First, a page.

Making Good Nodes

Consider your data type(s)

If you’re using nodes we can reasonably assume that users have reason to manipulate data in your application in order to achieve a certain result, the question now becomes what kind(s) of data are users manipulating? If there aren’t many different kinds of data to be manipulated or if this data shares similar characteristics it is definitely preferable to choose multi-in-single-out nodes where the entire dataset is passed through the graph and operated on when selected by the user. As an example, in Nuke users create node-graphs to modify image data composed of different channels. We can reasonably assume that most of the time they will be operating on the RGBA colour and alpha channels and that nodes will usually manipulate these by default, when they manipulate other data it is denoted by an input label. For instances where users do not want to operate on RGBA data they can select other channels through a dropdown inside the node properties panel.

If users are constantly using many different data types to perform operations you may be forced to represent them as multi-in-multi-out nodes. These nodes usually display their connections with sockets that denote the data type being passed between them, when data types correspond those nodes can be connected to each-other through those sockets. As of version 2.92, Blender’s nodes can deal with 11 different colour coded data types, therefore Blender has chosen a multi-in-multi-out node system to allow nodes to deal with many different data types without forcing the user to constantly use dropdown menus or other methods after connecting a node to determine what values should be operated upon.

The issue with multi-in-multi-out nodes is that they are typically harder for users to arrange and it is more difficult to create a clear node graph because there is a greater chance of pipes crossing. Multi-in-single-out nodes — while advantageous for node-graph organization and showcasing data flow — can also slow users if they constantly need to select data types in order to control nodes effectively.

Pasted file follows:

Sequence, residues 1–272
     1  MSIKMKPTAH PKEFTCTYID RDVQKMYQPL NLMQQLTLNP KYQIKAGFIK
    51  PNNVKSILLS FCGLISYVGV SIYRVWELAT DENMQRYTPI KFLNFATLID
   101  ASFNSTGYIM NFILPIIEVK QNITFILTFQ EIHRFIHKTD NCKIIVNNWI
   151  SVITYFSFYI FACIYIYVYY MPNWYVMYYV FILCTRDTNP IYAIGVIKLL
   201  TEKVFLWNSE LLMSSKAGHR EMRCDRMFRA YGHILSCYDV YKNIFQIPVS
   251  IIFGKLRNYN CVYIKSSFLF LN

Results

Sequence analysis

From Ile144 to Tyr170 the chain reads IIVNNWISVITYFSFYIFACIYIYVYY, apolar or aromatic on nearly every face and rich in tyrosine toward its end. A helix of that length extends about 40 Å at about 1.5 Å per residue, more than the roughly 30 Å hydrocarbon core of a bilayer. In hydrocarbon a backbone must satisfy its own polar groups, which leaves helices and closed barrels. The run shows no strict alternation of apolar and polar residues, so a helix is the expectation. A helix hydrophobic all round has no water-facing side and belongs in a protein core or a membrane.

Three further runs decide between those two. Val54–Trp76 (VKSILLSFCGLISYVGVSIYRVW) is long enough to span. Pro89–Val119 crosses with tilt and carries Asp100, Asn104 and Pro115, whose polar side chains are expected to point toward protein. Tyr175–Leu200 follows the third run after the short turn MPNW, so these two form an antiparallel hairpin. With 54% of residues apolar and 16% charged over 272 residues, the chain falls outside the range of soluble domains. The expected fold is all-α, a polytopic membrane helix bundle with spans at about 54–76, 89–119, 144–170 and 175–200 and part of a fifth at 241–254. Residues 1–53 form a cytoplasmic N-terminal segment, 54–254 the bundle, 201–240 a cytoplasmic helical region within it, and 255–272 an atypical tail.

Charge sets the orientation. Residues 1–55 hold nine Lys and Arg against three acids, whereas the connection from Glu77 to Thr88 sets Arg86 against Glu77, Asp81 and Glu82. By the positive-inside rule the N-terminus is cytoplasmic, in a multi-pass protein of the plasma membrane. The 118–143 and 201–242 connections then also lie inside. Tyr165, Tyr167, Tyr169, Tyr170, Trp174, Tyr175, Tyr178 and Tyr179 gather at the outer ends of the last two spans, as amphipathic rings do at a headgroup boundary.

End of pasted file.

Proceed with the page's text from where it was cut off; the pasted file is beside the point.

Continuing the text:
If you can assume a single data type that users will be operating on most of the time use multi-in-single-out nodes! If this would result in constantly selecting many different data types post-connection use multi-in-multi-out nodes!

Don’t let interacting with the node graph be the bottleneck of operations per minute that an advanced user can achieve within your software!

Sockets VS Pre-Extended Pipes

A node with two pipe arrows protruding from the top and a node with 3 socketed inputs and one output socket.  Both nodes are not connected to others.

Some node-based programs use sockets to define input connections, others extend existing pipes from the node to display unconnected inputs instead. If your program uses multi-in, multi-out nodes you will likely be connecting pipes to different operators. In most cases, this requires a socketed system to ensure that users are able to visually determine where the data they want to connect will go.